William Henry Lane “Master Juba”

William Henry Lane, know as “Master Juba” on stage, was the most renowned black stage performer prior to the 1850’s. William performed with minstrel shows (Ethiopian Serenaders) and toured not only in the U.S. but to Europe. He was the first African American to perform in England. He was a famous performer and is arguably a main attributer and constituent to what we now call tap dance.

1848 Portrait of William Lane.

From Eric Lott’s Love and Theft: Blackface Minstrelsy and the American Working Class we know that African Americans dressing up and putting cork on their faces was a known thing, but Lane had done this in a time that was a prequel to thus. Lane had seemingly found success in the minstrel circuit.

Lane was a huge success over in England and the rest of Europe. An English critic after seeing Lane perform said:

Juba’s whirlwind style [was] executed with ease and “natural grace.” “[Such] mobility of muscles, such flexibility of joints, such boundings, such slidings, such gyrations, such toes and heelings, such backwardings and forwardings, such posturings, such firmness of foot, such elasticity of tendon, such mutation of movement, such vigor, such variety . . . such powers of endurance, such potency of ankle. (Conway)

Lane Performing in England.

Many viewers had a difficult time describing Lane’s style of dancing. It was upbeat and followed closely to the percussion of the music. It is argued whether the inability of others to describe his dancing style was do to his African background and whether he brought pieces of African dance into his style or not. Regardless, Lane became a sensation.

Lane and his style of dancing was so renowned that he had been mentioned in the works of Charles Dickens. He lived a hectic and short life, “records indicate Master Juba lived the intense life of a touring performer, giving shows every night. He also opened a dance school in London” (Peters). Unfortunately, Lane passed away in his late 20s in England.

Works Cited:

Conway, Cecelia. “William Henry ‘Master Juba’ Lane.” The American Mosaic: The African American Experience, ABC-CLIO, 2018, africanamerican2.abc-clio.com/Search/Display/1591808. Accessed 7 Mar. 2018. 

Lott, Eric. Love and theft: blackface minstrelsy and the American working class. Oxford University Press, 2013.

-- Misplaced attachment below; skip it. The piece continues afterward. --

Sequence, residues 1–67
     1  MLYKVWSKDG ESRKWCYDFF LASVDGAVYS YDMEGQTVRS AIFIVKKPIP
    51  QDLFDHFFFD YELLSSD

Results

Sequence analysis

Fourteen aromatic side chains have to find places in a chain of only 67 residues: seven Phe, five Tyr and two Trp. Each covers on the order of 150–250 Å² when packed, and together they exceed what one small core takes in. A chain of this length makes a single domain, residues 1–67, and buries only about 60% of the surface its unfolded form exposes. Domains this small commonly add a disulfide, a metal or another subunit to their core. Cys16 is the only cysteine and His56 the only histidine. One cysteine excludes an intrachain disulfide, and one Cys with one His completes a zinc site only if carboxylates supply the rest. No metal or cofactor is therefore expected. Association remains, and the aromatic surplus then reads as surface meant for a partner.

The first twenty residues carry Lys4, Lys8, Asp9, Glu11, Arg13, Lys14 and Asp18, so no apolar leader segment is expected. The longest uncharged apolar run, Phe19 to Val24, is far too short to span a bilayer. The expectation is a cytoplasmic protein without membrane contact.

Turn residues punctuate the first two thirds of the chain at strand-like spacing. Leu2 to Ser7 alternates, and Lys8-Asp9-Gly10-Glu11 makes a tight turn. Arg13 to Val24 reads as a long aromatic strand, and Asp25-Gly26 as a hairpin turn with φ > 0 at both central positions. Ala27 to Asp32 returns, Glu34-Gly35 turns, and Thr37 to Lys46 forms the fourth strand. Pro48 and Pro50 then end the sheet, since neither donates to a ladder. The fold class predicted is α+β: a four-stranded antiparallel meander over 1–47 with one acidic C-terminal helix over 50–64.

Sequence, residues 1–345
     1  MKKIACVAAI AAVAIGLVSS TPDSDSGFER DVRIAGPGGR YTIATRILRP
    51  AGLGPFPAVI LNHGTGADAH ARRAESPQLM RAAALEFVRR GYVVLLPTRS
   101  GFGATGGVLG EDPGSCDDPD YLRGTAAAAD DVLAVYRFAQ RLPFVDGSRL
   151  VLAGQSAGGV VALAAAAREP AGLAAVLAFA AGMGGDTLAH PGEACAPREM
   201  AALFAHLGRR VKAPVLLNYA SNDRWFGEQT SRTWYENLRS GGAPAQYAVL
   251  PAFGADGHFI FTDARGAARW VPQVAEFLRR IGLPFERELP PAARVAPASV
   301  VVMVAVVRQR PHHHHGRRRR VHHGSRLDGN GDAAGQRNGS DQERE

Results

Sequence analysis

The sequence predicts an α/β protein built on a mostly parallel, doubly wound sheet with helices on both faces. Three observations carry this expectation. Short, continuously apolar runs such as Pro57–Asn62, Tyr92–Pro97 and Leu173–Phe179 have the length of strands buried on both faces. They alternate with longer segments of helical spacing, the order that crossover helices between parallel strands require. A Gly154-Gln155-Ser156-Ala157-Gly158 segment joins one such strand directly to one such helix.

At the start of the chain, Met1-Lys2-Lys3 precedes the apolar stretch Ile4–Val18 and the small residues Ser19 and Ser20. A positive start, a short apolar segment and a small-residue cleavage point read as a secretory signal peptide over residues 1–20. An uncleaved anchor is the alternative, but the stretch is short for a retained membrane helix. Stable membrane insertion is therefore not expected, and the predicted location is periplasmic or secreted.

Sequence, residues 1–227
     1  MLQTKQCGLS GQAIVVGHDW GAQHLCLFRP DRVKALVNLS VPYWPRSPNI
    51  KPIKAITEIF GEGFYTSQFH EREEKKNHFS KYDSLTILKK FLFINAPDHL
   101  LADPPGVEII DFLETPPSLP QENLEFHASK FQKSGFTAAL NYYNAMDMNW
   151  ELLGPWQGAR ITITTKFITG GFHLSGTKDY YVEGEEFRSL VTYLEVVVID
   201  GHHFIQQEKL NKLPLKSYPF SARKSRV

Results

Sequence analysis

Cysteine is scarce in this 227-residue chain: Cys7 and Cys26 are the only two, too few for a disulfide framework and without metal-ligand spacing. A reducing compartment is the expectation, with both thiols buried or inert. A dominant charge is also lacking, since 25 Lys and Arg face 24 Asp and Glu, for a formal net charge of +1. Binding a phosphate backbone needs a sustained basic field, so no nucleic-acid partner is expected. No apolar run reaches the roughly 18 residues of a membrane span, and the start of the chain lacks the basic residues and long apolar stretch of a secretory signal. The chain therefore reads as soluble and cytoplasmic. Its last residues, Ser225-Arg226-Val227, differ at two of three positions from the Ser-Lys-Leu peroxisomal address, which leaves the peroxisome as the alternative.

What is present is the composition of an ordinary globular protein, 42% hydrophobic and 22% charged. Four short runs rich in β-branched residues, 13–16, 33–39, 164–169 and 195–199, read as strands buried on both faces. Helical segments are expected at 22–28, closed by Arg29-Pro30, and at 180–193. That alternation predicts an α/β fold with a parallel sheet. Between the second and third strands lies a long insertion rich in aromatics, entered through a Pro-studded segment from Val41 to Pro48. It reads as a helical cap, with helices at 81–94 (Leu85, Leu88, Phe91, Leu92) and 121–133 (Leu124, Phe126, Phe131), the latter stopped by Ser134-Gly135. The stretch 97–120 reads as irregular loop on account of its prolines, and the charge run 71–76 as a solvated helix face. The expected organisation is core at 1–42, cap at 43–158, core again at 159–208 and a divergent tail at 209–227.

Peters, Paula. “Lane, William Henry/Master Juba (1825-c. 1852).” Lane, William Henry/Master Juba (1825-c. 1852) | The Black Past: Remembered and Reclaimed.

 

The Cakewalk

Black dancers perform the “Cakewalk” at the Pan Am Expo in Buffalo, New York, 1901.

The Cakewalk is an African American social and performance dance, derived from dances of corn-husking festivals. The Cakewalk was a traditional African American from of music and dance which emerged among southern slaves. Those who won the dancing contest would win a cake, from where the term is derived.1

Here’s where the history on the Cakewalk get’s a little fuzzy. Some sources say it began as a parody of the formal European dances of the white slave owners, but went on to become a popular attraction patronized by white landowners.2 Meanwhile other sources say “Black performers brought dances such as the cakewalk, the shimmy, and the Charleston to the American and European public, and in the process they challenged and redefined constructions of race, gender, and nationality.”3 Both very strong opinions on the same variety of music!

No Cakewalk On The Program For the State Convention of Afro-American Leagues–A Haytian Lecturer’s; “New York Age” (New York, New York) • 05-03-1890 • Page 2

I stumbled across an article that was published in Rochester NY on April 29th (c. 1890) praising the African American community, but bashing the Cakewalk. The article praises the African American women of Rochester saying “that in no city of New York are the Afro-Americans more thrifty then our people here… Our ladies [the African American “ladies” of Rochester] are educated and refined”4 Is this statement biased? Absolutely! I still was intrigued because this is perspective we don’t read don’t find very often — especially in the 1890s. The article continues, “Of course, Rochester, like other cities, has a few Afro Americans who can not appreciate a notable gathering of their own race at a banquet or a state convention as will take place in this city May 22. They will not be seen at the banquet because there is no cakewalk on the program”4 Ouch… This statement detracts from the compliment made towards the African American women of Rochester earlier in this newspaper article. This article praises the culture of African American women, as long as their culture is now one that appreciates “notable” things such as “banquets” or a “state convention”. They praise African American women for adopting white European ideals of sophistication and anything else is seen as “less than”. Problematic? Incredibly. The article is titled “No Cakewalk on the Program for the State Convention of Afro-American Leagues”. The author creates a division among the African American women of Rochester NY. It personifies naturalization which in this case I would define as: we’ll allow you to become part of our society, only if you become like “us” ( this “us” meaning white people). This author completely dismantles and discourages historically African American dances and ideals thus defining a superior and inferior culture.